MEPS 586:91-112 (2018)  -  DOI: https://doi.org/10.3354/meps12367

Distribution of Phaeocystis antarctica-dominated sea ice algal communities and their potential to seed phytoplankton across the western Antarctic Peninsula in spring

Virginia Selz1,*, Kate E. Lowry1, Kate M. Lewis1, Hannah L. Joy-Warren1, Willem van de Poll2, Sandip Nirmel1, Amy Tong1, Kevin R. Arrigo1

1Department of Earth System Science, Stanford University, Stanford, CA 94305, USA
2Department of Ocean Ecosystems, Energy and Sustainability Research Institute Groningen, University of Groningen, Nijenborgh 7, 9747 AG Groningen, The Netherlands
*Corresponding author:

ABSTRACT: The western Antarctic Peninsula has experienced extreme changes in the timing of sea ice melt and freeze up, shortening the duration of the seasonal sea ice cycle. While previous research demonstrated connections between multiple pelagic trophic levels and the physics of the sea ice, few studies have assessed the sea ice ecosystem or its linkage to the ocean ecosystem in this region. Through a field survey and shipboard experiments, our study focused on characterizing the spring ice algal bloom and elucidating its role in seeding phytoplankton communities post-ice melt in high and low light conditions. Field data revealed that algal communities in slush layers, often formed from the flooding of seawater (infiltration layers), dominated biomass distributions in the sea ice throughout the region, and showed distinct photophysiological characteristics from interior or bottom ice communities. Sea ice algal biomass reached 120 mg chl a m-2 and was often dominated by Phaeocystis antarctica. Shipboard growth experiments showed that prior light history (ice or water column), rather than community composition (phytoplankton and ice algae were composed of similar taxa), primarily drove physiological responses to high and low light. P. antarctica generally dominated the community in growth experiments at the end of the 6 d incubation period. Settling column experiments suggested that P. antarctica’s higher sinking rates relative to other taxa may explain its minor contributions to the summer phytoplankton community in single-cell form and its absence in colonial form, observed in the long-term ecological record of this region.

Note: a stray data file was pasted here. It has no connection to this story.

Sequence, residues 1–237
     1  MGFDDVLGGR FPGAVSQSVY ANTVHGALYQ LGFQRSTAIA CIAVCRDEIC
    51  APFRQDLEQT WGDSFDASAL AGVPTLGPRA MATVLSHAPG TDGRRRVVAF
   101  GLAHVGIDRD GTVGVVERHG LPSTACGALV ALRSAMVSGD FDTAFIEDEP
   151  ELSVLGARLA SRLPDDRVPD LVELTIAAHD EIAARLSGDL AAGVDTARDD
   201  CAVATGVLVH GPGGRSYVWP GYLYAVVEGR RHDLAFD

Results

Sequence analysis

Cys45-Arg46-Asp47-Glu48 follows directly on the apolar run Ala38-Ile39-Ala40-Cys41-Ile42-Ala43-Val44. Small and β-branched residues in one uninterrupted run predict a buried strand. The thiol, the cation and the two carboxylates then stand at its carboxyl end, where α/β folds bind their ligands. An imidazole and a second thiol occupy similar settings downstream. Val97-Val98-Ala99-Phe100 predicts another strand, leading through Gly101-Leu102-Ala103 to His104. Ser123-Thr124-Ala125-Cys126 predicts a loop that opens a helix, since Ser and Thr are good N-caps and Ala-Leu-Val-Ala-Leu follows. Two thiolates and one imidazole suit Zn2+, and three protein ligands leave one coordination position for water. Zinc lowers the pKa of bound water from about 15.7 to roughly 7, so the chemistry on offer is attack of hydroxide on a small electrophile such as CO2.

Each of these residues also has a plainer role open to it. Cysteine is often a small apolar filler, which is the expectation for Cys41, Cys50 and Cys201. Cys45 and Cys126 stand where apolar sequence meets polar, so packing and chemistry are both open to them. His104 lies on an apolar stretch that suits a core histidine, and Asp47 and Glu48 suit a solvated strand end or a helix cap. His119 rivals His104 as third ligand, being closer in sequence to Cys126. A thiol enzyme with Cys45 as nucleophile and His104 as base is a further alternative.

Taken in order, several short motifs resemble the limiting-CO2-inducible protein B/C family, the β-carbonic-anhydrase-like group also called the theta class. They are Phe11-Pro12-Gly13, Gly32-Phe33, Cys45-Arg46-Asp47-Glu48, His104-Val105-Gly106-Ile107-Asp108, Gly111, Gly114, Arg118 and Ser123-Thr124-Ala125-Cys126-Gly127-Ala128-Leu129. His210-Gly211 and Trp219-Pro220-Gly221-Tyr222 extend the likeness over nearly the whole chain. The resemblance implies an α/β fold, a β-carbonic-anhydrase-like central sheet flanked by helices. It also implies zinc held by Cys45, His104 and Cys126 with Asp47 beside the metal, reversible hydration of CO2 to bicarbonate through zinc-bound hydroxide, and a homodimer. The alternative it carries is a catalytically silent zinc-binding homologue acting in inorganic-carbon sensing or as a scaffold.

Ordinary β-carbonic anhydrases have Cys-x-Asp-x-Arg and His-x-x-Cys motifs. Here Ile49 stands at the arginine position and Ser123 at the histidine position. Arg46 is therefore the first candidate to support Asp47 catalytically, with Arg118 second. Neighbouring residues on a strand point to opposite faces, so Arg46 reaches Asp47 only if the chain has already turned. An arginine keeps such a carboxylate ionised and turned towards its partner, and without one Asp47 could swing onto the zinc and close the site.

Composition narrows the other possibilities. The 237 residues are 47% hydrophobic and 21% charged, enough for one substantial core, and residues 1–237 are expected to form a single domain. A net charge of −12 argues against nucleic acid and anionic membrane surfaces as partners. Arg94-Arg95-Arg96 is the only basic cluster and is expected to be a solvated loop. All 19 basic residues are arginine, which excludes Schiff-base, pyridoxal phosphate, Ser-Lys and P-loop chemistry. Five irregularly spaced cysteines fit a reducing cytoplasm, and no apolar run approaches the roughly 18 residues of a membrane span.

KEY WORDS: Photophysiology · Diatoms · Ice-ocean coupling · Community composition


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Cite this article as: Selz V, Lowry KE, Lewis KM, Joy-Warren HL and others (2018) Distribution of Phaeocystis antarctica-dominated sea ice algal communities and their potential to seed phytoplankton across the western Antarctic Peninsula in spring. Mar Ecol Prog Ser 586:91-112. https://doi.org/10.3354/meps12367

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